"We take judicial notice of the fact that the vast majority of those who are indicted for federal crimes plead guilty. We know, too, that in many of the cases where this occurs the plea will be to one count, or less than all counts, of a multi-count indictment, or to a lesser offense than that originally charged. In a sense, it can be said that most guilty pleas are the result of a `bargain' with the prosecutor. But this, standing alone, does not vitiate such pleas. A guilty defendant must always weigh the possibility of his conviction on all counts, and the possibility of his getting the maximum sentence, against the possibility that he can plead to fewer, or lesser, offenses, and perhaps receive a lighter sentence. The latter possibility exists if he pleads guilty, as Cortez did, to the whole charge against him. "No competent lawyer, discussing a possible *524 guilty plea with a client, could fail to canvass these possible alternatives with him. Nor would he fail to ascertain the willingness of the prosecutor to `go along.' Moreover, if a co-defendant is involved, and if the client is anxious to help that co-defendant, a competent lawyer would be derelict in his duty if he did not assist in that regard. At the same time, the lawyer is bound to advise his client fully as to his rights, as to the alternatives available to him, and of the fact that neither the lawyer nor the prosecutor nor anyone else can bargain for the court. There is nothing wrong, however, with a lawyer's giving his client the benefit of his judgment as to what the court is likely to do, always making it clear that he is giving advice, not making a promise. "The important thing is not that there shall be no `deal' or `bargain', but that the plea shall be a genuine one, by a defendant who is guilty; one who understands his situation, his rights, and the consequences of the plea, and is neither deceived nor coerced." 337 F2d at 701.

Finally, in Barber v. Gladden, 220 F Supp 308 (D Or 1963), Aff'd 327 F2d 101 (9th Cir), cert. den. 377 US 971 (1964), the defendant was charged with burglary with explosives. Defendant, who had a substantial past record, was represented by able defense counsel. Defense counsel and the district attorney discussed the district attorney's intention to file habitual criminal proceedings against the defendant in the event the defendant pleaded not guilty and was convicted on trial. This possibility was discussed by defense counsel with the defendant. The defendant contended that his guilty plea was not voluntary because it was coerced by the district attorney's threat to file habitual criminal proceedings. The federal district court for the district of Oregon found the guilty plea voluntary.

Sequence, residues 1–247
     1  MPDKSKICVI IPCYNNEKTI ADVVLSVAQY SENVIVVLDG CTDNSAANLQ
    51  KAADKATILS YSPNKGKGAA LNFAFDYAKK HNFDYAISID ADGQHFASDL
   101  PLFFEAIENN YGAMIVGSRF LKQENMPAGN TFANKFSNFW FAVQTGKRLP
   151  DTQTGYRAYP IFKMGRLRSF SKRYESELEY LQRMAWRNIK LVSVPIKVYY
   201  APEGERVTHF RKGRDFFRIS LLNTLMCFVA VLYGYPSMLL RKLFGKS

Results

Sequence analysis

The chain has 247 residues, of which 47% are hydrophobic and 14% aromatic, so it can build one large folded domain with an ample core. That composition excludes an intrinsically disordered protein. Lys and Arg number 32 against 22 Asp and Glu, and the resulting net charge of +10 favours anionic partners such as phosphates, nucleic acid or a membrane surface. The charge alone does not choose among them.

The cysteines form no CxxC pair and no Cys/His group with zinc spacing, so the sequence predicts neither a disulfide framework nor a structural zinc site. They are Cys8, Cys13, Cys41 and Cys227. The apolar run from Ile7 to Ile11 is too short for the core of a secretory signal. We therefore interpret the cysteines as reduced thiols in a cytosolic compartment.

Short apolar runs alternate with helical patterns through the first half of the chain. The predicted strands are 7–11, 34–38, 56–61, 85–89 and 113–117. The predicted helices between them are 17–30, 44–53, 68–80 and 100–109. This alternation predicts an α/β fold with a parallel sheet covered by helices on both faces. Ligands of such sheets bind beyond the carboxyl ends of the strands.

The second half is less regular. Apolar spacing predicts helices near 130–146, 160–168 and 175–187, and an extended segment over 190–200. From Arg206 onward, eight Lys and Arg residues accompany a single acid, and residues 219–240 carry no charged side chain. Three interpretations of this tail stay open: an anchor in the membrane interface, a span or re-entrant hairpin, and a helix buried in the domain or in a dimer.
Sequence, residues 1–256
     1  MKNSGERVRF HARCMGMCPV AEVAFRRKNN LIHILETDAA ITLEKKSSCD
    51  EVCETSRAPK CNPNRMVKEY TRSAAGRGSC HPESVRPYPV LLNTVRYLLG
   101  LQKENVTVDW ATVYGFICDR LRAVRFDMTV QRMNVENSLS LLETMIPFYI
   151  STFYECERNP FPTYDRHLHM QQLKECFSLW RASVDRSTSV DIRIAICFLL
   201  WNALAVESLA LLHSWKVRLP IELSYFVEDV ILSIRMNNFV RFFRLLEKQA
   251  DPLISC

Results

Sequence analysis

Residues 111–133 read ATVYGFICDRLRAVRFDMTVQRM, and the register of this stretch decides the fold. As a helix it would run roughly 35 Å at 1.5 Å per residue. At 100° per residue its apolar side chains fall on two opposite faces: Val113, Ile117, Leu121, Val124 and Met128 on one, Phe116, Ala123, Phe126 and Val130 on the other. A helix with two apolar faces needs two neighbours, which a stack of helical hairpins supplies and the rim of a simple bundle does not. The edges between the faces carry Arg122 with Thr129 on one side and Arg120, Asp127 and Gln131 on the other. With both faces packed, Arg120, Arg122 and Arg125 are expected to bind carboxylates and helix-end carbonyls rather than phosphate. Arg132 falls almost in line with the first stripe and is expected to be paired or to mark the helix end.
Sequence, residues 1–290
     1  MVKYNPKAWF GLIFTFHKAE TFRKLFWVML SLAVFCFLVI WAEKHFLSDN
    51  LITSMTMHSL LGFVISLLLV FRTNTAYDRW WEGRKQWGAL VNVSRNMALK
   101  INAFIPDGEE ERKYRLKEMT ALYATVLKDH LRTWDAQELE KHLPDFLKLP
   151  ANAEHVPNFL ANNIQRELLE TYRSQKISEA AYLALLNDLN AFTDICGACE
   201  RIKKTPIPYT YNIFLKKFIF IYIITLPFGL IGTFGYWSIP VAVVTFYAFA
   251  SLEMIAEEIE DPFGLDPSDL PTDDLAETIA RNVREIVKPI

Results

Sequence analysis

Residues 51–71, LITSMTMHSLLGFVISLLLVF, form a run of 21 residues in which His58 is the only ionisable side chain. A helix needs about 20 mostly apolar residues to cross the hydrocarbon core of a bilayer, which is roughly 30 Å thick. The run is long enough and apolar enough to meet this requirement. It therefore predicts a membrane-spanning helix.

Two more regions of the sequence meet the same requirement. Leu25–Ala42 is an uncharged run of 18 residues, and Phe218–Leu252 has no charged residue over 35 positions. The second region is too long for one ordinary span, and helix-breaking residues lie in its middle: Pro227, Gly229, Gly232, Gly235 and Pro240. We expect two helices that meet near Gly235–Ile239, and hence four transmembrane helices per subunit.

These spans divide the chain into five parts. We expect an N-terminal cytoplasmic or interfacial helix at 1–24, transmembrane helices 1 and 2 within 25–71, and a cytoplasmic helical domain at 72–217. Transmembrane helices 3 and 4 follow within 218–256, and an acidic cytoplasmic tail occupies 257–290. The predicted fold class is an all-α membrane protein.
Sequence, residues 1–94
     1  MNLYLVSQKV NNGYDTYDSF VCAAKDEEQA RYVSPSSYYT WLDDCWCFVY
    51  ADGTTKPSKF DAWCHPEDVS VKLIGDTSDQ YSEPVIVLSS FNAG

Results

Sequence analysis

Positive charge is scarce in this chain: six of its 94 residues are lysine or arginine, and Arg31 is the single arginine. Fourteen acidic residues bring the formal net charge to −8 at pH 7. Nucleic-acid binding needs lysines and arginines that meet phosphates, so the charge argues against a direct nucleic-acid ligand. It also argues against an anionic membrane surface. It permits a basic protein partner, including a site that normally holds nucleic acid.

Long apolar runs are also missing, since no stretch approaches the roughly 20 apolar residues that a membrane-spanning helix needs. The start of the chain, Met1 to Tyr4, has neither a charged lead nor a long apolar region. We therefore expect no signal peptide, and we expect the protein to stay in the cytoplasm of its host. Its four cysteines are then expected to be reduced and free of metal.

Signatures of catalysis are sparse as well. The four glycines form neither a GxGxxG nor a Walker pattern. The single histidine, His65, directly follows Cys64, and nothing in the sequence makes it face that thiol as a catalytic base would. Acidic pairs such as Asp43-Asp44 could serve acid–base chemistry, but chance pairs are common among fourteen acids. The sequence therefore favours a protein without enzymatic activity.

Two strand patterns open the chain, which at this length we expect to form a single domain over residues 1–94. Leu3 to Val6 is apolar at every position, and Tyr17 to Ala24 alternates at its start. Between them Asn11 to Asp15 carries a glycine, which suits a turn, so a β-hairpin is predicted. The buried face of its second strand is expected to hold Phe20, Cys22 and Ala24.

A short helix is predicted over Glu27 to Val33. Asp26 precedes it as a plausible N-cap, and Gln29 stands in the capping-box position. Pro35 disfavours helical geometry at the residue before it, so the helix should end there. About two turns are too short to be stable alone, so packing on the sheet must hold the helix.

*525 3, 4. The validity of a guilty plea induced by an agreement to reduce the charge has not been passed upon directly by this court. In those cases where the issue has been raised the case has been decided on other grounds. See Reynolds v. Shobe, 245 Or 578, 423 P2d 182 (1967); Lawson v. Gladden, 245 Or 492, 422 P2d 681 (1967); and State v. Scharbrough, 245 Or 328, 421 P2d 976 (1966). The record in this case indicates that defendant was represented by experienced counsel at the time of the discussion concerning the reduction of the charge as well as at the time of the entry of the plea. Defense counsel personally investigated and was aware of the facts of the case against the defendant. He fully advised the defendant concerning the alternatives available to him and the possible consequences of defendant's choices. Defense counsel advised defendant of his opinion of the possibility of a conviction on the trial of the initial charge. The lesser charge reduced the maximum possible penalty from life imprisonment to 10 years. There is nothing in the record to indicate that defendant was ignorant of the possible consequences of his choice to plead guilty. The court was not in the instant case and should not in any case be involved in the negotiation process. We feel that where defendant is represented by competent counsel, is made aware of the alternatives available to him, and is given the means to reach an intelligent choice concerning these alternatives, a negotiated plea is not, by reason of its negotiation, rendered involuntary.